Spelling: Common Mistakes in the 11+

Eleven-Plus Preparation Specialists

There are many words that are frequently misspelt, and you will find that many schools will put a specific exercise in their Section A which looks to probe your knowledge of spelling. Additionally, you’ll have to spell correctly throughout section B in order to secure high marks. Here, we look at some of the most commonly misspelt words.

Accommodate – remember that this word has two Ms, and two Cs.

Aggressive – remember that this word has two Ms

Apparently – remember that this word has two Ps

Appearance – again, remember that there are two Ps here

Basically – this is often misspelt as ‘basicly’ – remember the extra A and the double L

Bizarre – often misspelt as bizzare

Business – often misspelt as bisness

Definitely – this is very often misspelt as definately

Disappoint – remember that there is only one S, but two Ps

Embarrass – remember that there are two Rs and two Ses

Government – remember that this is spelled with RNM in the middle

Necessary – remember that this has one C and two Ses

Occurrence – remember that this has two Cs and two Rs

Possession – remember that this has double S, twice

Siege – might be misspelt as seege, for example

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Rules to Avoid Making Mistakes

I before E, except after C: This is a very well-known rule. It generally holds true – think about ceilings, or perceiving. However, there are some exceptions – so be aware!

Dropping the E: If we’re changing a word and adding a suffix, then we drop the E. Examples are joke+ing → joking, or close+ing → closing.

Words ending in -ful: These are always spelled with one L. As examples: grateful, faithful, careful, helpful, useful.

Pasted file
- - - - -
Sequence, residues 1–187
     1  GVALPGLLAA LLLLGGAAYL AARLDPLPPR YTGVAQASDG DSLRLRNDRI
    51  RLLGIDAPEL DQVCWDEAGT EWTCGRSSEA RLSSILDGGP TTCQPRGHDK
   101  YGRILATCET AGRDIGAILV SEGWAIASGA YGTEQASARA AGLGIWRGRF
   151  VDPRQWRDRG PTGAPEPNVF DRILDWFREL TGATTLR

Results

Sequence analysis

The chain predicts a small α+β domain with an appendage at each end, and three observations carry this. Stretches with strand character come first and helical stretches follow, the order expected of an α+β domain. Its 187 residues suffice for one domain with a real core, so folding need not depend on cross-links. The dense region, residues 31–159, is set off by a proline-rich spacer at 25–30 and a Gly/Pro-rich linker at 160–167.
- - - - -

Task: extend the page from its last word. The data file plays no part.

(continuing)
Words starting in ‘all’: We drop the extra ‘L’. As examples: all+though → although, and then we have almost, also, already, always, etc.

Can you spot the mistakes?

Building on what we did above, here’s a passage with a variety of spelling mistakes. Look through and see if you can spot the errors. I’ve written the answers out below.

As he looked out of the window, he thought he percieved something strange. For there, allmost so far off that it was difficult to sea, was a shadowy figure. The figure was moving slowlly, and seemed to be nearing the house. He thought for a second about closeing the window, and forgetting about what he had seen – then he realised that this wouldn’t help the situation. Whilst the site was bizzare, it could be dealt with, he decided. He would go outside, and he would do what was necesary. If the figure became agressive, then perhaps he would run. He certainly did not feel like standing and fighting. The day was ending, and knight was beginning. He ran down the stairs, and went strate out of the door, into the garden. He ran down the path, towards were he had seen the figure. He piered into the bushes, looked between the trees… Then, with a sudden surge of embarassment, he realised what he had seen – it was a balloon, floating over the bushes, no doubt left over from the birthday party that he had had the day before. It had seamed to be a human figure, he told himself. He had made the write decision by coming out and checking.

In the above, there are actually some words that are misspelt and some others that are homonyms (words that sound the same but are not).

Misspelt words are as follows: perceived, almost, slowly, closing, bizarre, necessary, aggressive, straight, peered, embarrassment.

The homonyms are: night, where, seemed, right.

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Closing remarks on spelling

You may be unable to avoid being examined on some spelling, if there is a dedicated part in Section A. However, if you’re struggling with a particular word or words in section B, see if there’s a way around it. For example, if your character is feeling ‘an acute sense of embarrassment’ and you’ve realised that your spelling is wrong, but you’re not sure how to correct it, then simply change to a synonym or a similar word. Here, we might have them feel ‘an acute sense of shame’ instead – and thus avoid having to make a mistake. 
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